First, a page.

By NBF News
Listen to article Despite the negativism all around, there is still some positivism to cheer about. The Federal Capital Territory this month recorded a first in kidney transplant surgery. The survivor tells WINIFRED OGBEBO, in this report, how he's got his groove back.

Looking at Gabriel Unogo, especially the concise and brilliant responses he gave to the questions posed to him, one could hardly believe that few months back, he was actually knocking on death's door.

No, it's so difficult to believe that this lively, healthy-looking,  20-year old,  2009 Senior School Certificate holder from Government Secondary School, Karu, could come out alive from what specialist doctors considered to be one of the most specialized surgeries in the world; kidney transplant. And this is against the backdrop of the frenzy at which all classes of Nigerians seek all manner of medical treatment outside the shores of the country.

He tells his story: 'I started having problems in September 2011. My mum is asthmatic so I used to have shortness of breath which I felt is sort of linked to my mum. I will always feel tired when I do anything. Somewhere along the run, I told my mum and my other family members about it. All of them assumed that it was asthma so I started taking asthma drugs. However, the more I took them, the worse my sickness became. At this period, I was swollen up and bloated. So I eventually went to the hospital to consult a doctor. After running series of tests, they discovered that I  had kidney failure at the Asokoro General Hospital.'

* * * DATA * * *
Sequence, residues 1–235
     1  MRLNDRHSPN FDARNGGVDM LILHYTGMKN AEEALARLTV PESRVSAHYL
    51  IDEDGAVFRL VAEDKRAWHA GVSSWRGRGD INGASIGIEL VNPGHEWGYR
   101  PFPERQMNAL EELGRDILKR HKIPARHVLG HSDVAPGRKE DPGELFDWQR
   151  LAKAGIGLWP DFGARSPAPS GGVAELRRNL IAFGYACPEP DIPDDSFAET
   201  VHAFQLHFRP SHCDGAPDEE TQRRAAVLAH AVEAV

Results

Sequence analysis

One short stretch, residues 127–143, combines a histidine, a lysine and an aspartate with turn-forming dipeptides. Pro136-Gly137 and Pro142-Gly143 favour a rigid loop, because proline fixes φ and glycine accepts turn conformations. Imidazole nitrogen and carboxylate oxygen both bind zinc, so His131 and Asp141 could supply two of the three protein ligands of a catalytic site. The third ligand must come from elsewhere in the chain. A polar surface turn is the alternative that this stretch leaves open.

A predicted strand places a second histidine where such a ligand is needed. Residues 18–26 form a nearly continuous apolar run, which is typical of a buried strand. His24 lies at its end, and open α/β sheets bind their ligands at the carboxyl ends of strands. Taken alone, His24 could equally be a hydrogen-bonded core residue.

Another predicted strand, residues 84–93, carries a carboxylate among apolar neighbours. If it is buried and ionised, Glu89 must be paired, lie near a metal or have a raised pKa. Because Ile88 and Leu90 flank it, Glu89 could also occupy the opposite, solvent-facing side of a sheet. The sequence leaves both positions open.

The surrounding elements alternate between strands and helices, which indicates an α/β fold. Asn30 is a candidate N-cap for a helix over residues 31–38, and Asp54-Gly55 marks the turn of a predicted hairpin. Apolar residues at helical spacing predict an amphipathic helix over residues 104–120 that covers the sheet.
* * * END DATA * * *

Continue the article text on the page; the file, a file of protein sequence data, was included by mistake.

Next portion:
Kidneys are the organs that help filter waste products from the blood. They are also involved in regulating blood pressure, electrolyte balance, and red blood cell production in the body.

According to medical experts, there are numerous causes of kidney failure, and treatment  may be the first step in correcting the kidney abnormality.

Some causes of kidney failure are treatable and the kidney function may return to normal. Unfortunately, kidney failure may be progressive in other situations and may be irreversible.

'Symptoms of kidney failure are due to the build-up of waste products in the body that may cause weakness, shortness of breath, lethargy, and confusion. Inability to remove potassium from the bloodstream may lead to abnormal heart rhythms and sudden death. Initially, there may be no symptoms of kidney failure.'

At what point can someone be diagnosed as having kidney failure?  Dr Hauwa  Bello Gambari said, 'there are different stages;1,2,3,4,5 of kidney disease. But at a certain time, depending on the patient and the parameters you find, you place them on dialysis. There are some who are on the downward trend and you don't worry yourself because you know even if you put them on dialysis, they are bound to have transplant at the end of the day.  So you can just look at them and say, just go ahead with the transplant. Don't stress yourself with dialysis because dialysis takes your time and deprives you  from doing so many things in your life. So there is no clear cut sign for when to go for transplant. So many factors come into it.

Suddenly, for this indigene of Ardo Local Government Area of Benue State, his world came crashing down.

'Subsequently, I was referred to the National Hospital, Abuja where I started dialysis. I did dialysis for about seven months at three times a week. Each session was N20, 000 without blood transfusion. A pint of blood is about N15, 000. There is what is called PVC test which is run frequently and it costs N2, 500 with others.'